Document Type

Dissertation - Open Access

Award Date

2017

Degree Name

Doctor of Philosophy (PhD)

Department

Agronomy, Horticulture, and Plant Science

First Advisor

Shaukat Ali

Keywords

isolates, Ptr toxins race, stem rust, tan spot, wheat, rye

Abstract

Tan spot, caused by the ascomycete fungus, Pyrenophora tritici-repentis (Ptr), is a major foliar fungal disease of wheat worldwide. To date, Ptr isolates have been grouped into eight races based on the production of three host selective effectors (toxins), Ptr ToxA, ToxB, and ToxC, which are associated with necrosis and chlorosis symptoms on wheat differential lines. In order to see the correlation between stem rust resistance and tan spot susceptibility in 1970’s, to know the pathogen virulence profile, and explore the sources of tan spot resistance, we recovered isolates from wheat and rye and evaluated wheat and rye lines with different Ptr isolates. To determine the reaction of 247 prestem rust-epidemic wheat genotypes (n=156 bread and n=91 durum) against stem rust (TTKSK) and tan spot Ptr race1 (SD-13-101) and host-specific toxin Ptr ToxA, we observed 69% of the both bread and durum wheat cultivars were susceptible to both tan spot and stem rust. Thirty-nine percent of both bread and durum wheat genotypes gave differential responses (Susceptible/insensitive and Resistance/Sensitive) to race1 and Ptr ToxA respectively. Through genotyping 903 Ptr isolates we found majority of the islates with ToxA gene. A few isolates had the ToxB gene. Of the 903 isolates recovered, 273 were phenotyped for their race characterization using the wheat differential set. About 77 % of the isolates were designated as race 1, whereas 41% were identified as race 4. Most of the race 4 isolates were recovered from rye (77%). Only 4.3% isolates (one from SD and eleven from Baltic region) were grouped as race 2 and two isolates were classified as race 5 from SD. Twenty-four isolates identified which induced necrosis and chlorosis in Glenlea (ToxA sensitive) and 6B365 respectively or necrosis only in Glenlea but did not harbor the ToxA gene. Rye lines (39%) showed more susceptibility to race 5 when compared to race 1(21%) and were insensitive to both Ptr ToxA and Ptr ToxB. Based on our study, no correlation of stem rust resistance and increase in tan spot occurrence was observed. Similarly, Ptr ToxA is not the only factor responsible for the increase of tan spot disease in 1970’s and beyond. Our results show races 1 and 4 are largely prevalent on rye in the region with high frequency of race 4 as those isolates are avrulent on wheat suggesting its minimal role in the disease epidemiology. Rye could serve as a good source of resistance if needed. In terms of diversity of Ptr isolates, results of our study indicate that a wide range of virulence variation profile present in wheat in South Dakota, Baltic region and Romania, and some of the Ptr isolates from SD, Lithuania and Romania which did not harbor ToxA and did not fit into the currently prevalent 8 races. Ptr race 5, observed for the first time from SD.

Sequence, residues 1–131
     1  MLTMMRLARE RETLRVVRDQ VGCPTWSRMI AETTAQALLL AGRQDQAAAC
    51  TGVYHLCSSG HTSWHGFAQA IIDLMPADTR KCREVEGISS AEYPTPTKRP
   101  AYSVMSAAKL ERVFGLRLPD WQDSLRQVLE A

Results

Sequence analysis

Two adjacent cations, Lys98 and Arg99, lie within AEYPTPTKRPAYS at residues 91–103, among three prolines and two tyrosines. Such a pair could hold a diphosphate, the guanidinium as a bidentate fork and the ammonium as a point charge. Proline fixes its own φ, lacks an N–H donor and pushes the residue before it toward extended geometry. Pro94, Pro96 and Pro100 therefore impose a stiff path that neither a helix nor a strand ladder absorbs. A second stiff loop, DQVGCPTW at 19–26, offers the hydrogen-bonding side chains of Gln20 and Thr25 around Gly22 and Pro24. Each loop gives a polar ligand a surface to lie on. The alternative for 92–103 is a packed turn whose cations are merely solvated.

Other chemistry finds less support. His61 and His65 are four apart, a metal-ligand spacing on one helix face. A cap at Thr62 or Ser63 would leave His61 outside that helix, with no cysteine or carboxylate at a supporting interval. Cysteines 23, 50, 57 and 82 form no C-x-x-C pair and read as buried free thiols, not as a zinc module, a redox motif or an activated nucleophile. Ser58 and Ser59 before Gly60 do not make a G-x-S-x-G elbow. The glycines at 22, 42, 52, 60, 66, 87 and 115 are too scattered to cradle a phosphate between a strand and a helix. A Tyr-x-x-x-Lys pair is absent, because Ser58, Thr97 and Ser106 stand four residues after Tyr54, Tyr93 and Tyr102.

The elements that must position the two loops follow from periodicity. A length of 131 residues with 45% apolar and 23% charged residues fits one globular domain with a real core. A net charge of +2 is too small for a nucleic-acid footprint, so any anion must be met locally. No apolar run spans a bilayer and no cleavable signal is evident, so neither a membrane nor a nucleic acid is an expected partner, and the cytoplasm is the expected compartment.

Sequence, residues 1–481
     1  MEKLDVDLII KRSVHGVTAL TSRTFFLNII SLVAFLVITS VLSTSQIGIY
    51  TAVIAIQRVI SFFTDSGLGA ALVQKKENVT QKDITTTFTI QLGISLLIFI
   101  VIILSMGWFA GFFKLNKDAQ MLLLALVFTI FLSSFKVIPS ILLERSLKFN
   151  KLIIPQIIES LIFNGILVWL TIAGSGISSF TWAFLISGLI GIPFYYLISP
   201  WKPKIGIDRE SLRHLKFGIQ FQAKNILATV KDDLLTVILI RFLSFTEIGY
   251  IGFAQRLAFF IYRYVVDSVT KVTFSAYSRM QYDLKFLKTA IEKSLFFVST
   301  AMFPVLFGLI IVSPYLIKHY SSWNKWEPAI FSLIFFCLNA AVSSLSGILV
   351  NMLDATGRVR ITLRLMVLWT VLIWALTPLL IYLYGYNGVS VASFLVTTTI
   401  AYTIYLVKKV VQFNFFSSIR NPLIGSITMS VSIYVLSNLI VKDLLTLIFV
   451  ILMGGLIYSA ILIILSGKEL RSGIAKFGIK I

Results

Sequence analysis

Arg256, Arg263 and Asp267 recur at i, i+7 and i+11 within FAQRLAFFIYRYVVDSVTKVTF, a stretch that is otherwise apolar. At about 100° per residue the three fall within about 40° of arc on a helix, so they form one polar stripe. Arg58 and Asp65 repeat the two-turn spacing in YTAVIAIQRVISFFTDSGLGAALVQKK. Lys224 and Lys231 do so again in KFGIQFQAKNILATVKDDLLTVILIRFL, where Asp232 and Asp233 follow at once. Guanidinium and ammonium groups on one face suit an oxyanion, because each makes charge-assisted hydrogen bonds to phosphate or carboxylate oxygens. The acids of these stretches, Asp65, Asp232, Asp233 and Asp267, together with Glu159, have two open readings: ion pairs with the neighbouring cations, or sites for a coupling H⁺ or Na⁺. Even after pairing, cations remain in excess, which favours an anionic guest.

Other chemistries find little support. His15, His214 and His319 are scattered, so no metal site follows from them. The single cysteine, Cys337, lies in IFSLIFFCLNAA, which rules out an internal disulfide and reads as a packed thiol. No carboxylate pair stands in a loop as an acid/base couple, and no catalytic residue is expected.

Library of Congress Subject Headings

Wheat -- Disease and pest resistance.
Fungal diseases of plants.
Leaf spots.
Puccinia graminis.
Wheat rusts.
Rye.

Description

Includes bibliographical references

Format

application/pdf

Number of Pages

216

Publisher

South Dakota State University

Rights

Copyright © 2017 Sidrat Abdullah

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